PayPal is available in 193 markets and 26 currencies. With 143 million active registered accounts and $6.6bn in revenue at the end of 2013, the e-commerce giant brings the potential for new users and new business to the bitcoin economy. And this month PayPal announcement that its merchants can now accept Bitcoin should rock the market. Traders should be ecstatic. But oddly, since that announcement, there has been a gradual decline of the Bitcoin price.
This could be explained by the Elliott Wave Principle, a form of technical analysis that some traders use to analyze financial market cycles and forecast market trends by identifying extremes in investor psychology, highs and lows in prices, and other factors. It says that the market is not moved by news, or even fundamentals, but by psychology: the collective mood of all participants in the market. Some might call it the market’s social mood.
The Elliott Wave Principle explains that crowd psychology moves between optimism and pessimism in natural sequences. These mood swings create patterns evidenced in the price movements of markets at every degree of trend or time scale.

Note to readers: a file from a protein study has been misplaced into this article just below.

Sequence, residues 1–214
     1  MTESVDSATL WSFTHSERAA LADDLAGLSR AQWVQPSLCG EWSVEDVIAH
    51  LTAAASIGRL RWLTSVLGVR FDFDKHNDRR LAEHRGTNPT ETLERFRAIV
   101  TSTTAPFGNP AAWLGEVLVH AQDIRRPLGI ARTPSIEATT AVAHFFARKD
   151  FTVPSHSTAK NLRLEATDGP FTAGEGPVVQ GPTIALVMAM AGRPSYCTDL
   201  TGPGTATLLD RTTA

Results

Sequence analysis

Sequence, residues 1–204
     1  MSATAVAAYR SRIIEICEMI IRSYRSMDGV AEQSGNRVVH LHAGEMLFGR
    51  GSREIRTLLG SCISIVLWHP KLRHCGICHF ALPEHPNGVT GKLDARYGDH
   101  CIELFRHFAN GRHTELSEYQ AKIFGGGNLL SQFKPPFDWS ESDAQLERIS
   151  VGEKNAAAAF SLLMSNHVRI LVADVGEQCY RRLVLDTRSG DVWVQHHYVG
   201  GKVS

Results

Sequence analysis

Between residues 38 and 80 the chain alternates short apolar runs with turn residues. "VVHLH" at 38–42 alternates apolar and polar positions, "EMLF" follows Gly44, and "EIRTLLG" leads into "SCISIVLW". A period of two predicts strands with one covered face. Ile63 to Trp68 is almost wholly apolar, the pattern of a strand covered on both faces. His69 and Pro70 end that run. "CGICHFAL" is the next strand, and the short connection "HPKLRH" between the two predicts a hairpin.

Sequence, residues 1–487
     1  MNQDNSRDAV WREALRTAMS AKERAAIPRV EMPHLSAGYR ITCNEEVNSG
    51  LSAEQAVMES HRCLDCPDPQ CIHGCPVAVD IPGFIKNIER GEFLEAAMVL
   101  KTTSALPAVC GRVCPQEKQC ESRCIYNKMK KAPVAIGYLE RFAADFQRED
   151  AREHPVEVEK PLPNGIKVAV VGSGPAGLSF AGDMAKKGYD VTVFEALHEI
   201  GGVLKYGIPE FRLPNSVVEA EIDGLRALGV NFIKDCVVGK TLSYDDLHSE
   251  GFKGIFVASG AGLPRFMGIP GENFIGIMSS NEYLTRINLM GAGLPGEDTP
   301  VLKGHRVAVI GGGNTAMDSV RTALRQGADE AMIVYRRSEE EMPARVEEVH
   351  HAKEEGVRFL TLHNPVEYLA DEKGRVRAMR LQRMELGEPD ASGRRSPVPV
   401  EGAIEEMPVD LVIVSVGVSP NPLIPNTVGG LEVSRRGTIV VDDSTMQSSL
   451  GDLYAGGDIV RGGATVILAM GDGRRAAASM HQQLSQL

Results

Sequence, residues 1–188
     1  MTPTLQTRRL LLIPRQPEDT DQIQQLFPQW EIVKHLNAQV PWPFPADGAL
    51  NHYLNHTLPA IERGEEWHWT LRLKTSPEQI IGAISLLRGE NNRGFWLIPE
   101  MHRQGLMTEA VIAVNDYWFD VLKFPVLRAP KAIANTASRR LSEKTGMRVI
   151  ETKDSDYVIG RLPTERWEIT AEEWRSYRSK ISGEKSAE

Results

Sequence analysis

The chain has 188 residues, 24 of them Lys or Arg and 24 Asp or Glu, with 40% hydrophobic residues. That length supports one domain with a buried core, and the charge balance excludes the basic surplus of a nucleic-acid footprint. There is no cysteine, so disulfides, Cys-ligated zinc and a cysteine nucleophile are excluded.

In the Bitcoin price charts, it’s evident that the big PayPal announcement has come and gone, and instead of feeling the pressure to buy, the selling pressure is intensifying. The market is acting out an underlying negative sentiment and wants to see price lower.
PayPal has announced partnerships with three major payment processors in the bitcoin space – BitPay, Coinbase and GoCoin. Though the online e-commerce pioneer stopped short of integrating bitcoin into its digital wallet or payment processing services directly, the move marks PayPal's first formal offering to the bitcoin community.